Wal-Mart's Civil War Battle Gets Bloodier

07/05/2010 05:12 am ET | Updated May 25, 2011

Fourteen years ago I stood on the banks of the muddy Rappahannock River, speaking to a crowd of roughly 100 people gathered to protest a Wal-Mart superstore planned on the site of Ferry Farm, the boyhood home George Washington. A light snow was falling in the February chill.

"I cannot tell a lie," I told the project's opponents, "this is one of the dumbest sites for a Wal-Mart store I have ever seen."

Several months later, Wal-Mart was bought out by a historic preservation group -- and they slid their store several miles east down Route 3. But the company never learned the lesson of Ferry Farm, and they continue to try to bulldoze history out of their path.

Now Wal-Mart has chosen a dumber site than Ferry Farm -- this one also in Virginia, and also of immense historic significance. This week, the first shot in a long legal battle over a 138,000 square foot Wal-superstore near the Wilderness Civil War battlefield has hit Wal-Mart -- but its just a superficial wound.

The outcome of the 1864 Wilderness Battle may have been hard for Union or Confederate troops to predict at the time -- but the zoning outcome of the Wal-Mart battle near the Wilderness Battlefield 145 years later was never in doubt. Local officials were ready to give this project a special permit even before the first volley of facts against the project were fired.

Last June, the Orange County, Virginia Planning Commission voted to recommend a special permit for a Wal-Mart superstore one quarter mile from the Wilderness battlefield, the site of the first clash between Generals Robert E. Lee and Ulysses S. Grant. An estimated 160,000 troops fought at The Wilderness. Before the end of the two day confrontation, as many as 29,000 soldiers had been killed, wounded or captured. According to the Friends of the Wilderness, the battle was a tactical draw.

But Wal-Mart opponents do not intend to end this legal battle with a tactical draw. A lawsuit was filed in September to push Wal-Mart out of The Wilderness. Wal-Mart marched by the Planning Commission on a narrow 5-4 vote. In August of 2009, the Orange County Supervisors voted 4-1 to approve the project. The Civil War Preservation Trust, which has fought the project since the first shot, called that vote a "setback for preservationists" but warned, "this battle is not over yet."

A Wal-Mart spokesman made it clear that the retailer was digging in at The Wilderness. "Two years ago, the county decided this site was one where growth should occur," the company official said. "We have looked at alternative sites and there are other sites but they require rezoning. There is no guarantee the county would approve another site."

One month after the County vote, opponents got their chance to fire back. Litigation was filed by the National Trust for Historic Preservation (NTHP) and the Friends of Wilderness Battlefield. The National Trust said the County Board of Supervisors "failed to gather and consider important information about negative effects on the County, its citizens and its historic resources."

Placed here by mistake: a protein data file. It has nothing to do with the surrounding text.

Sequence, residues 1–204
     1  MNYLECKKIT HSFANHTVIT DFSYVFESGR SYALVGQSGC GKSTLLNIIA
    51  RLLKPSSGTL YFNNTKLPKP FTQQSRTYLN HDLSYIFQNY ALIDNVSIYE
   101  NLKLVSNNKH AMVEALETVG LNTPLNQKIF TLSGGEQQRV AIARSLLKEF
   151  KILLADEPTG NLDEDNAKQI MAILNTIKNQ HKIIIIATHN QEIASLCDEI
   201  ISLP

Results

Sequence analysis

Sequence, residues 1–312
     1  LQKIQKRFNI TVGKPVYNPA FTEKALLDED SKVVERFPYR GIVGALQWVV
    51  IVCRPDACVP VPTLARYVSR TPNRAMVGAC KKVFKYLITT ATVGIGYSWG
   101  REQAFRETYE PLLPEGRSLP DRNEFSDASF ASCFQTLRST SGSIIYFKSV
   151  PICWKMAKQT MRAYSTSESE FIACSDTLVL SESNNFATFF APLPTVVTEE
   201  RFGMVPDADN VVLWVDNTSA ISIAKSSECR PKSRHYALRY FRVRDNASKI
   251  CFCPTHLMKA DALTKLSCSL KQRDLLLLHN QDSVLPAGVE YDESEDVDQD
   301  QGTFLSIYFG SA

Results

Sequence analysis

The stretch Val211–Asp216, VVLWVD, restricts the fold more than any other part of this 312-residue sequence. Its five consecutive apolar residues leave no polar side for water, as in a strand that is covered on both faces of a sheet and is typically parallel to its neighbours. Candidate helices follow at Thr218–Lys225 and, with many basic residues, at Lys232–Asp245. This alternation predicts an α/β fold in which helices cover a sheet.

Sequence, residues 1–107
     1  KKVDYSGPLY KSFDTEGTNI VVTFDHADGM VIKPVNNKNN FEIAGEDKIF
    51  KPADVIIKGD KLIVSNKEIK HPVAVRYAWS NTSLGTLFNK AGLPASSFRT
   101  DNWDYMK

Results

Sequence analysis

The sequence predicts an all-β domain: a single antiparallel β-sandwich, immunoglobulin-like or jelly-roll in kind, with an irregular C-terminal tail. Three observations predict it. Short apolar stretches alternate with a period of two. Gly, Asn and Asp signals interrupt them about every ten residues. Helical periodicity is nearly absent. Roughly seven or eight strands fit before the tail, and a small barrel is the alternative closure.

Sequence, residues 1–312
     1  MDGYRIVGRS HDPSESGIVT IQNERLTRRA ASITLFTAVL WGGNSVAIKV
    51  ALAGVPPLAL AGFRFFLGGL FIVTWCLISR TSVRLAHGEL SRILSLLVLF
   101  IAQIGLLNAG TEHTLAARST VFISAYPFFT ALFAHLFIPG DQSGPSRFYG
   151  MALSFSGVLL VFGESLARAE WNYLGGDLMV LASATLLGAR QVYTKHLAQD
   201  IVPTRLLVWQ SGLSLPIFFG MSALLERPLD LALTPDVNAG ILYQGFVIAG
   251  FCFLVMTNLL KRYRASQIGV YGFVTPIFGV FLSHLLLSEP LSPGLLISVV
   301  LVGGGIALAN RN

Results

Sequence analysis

This week, seven and a half months after that appeal was filed, the plaintiffs have won the first skirmish. A Judge in the Orange County Circuit Court has ruled that opponents have legal "standing" to move forward with their lawsuit. The Orange Board of Supervisors' request that the lawsuit be dismissed was rejected. Now the case can proceed on its merits.

The Judge forced the National Trust out of the case for lack of standing, but found that a huge Wal-Mart superstore raised valid concerns about increased traffic and environmental impacts. "The use of land by an establishment like Wal-Mart could have an adverse and immediate impact," the Judge wrote.

A long list of historians and dignitaries have spoken out against this Wal-Mart site, including Civil War filmmaker Ken Burns, actor Robert Duvall, Virginia Governor Timothy Kaine, and Congressmen from Vermont and Texas, representing the soldiers from both states who lost their lives at The Wilderness. "The question for Wal-Mart, one of the world's most successful corporations, is whether they need a fifth Wal-Mart within 20 miles to be sited on this 'cathedral of suffering,'" said Vermont Congressman Peter Welch.

Actor Robert Duvall expressed a similar sentiment. "I believe in capitalism, but I believe in capitalism coupled with sensitivity. Sensitivity towards historical events and the feelings of the people of this whole area." The Civil War Preservation Trust says a 'Wilderness Wal-Mart' would wreck the unique character of the existing battlefield park and countryside, and shatter the "reverent atmosphere" that surrounds one of America's bloodiest battlefields.

Wal-Mart Realty apparently learned nothing from its run-in with George Washington fourteen years ago, and now is running full-tilt into the ghosts of Robert E. Lee and Ulysses S. Grant. As a company which is tone-deaf to the history of this country, Wal-Mart should immediately sound a retreat and pull its cannons back.

There are plenty of other communities to destroy, and even if Wal-Mart ultimately were to build another Orange County store on this site, it will be badly bloodied in the court of public opinion.

Al Norman has been fighting big box stores for 17 years. He is the founder of Sprawl-Busters, and the author of "The Case Against Wal-Mart." 60 Minutes has called him "the guru of the anti-Wal-Mart movement."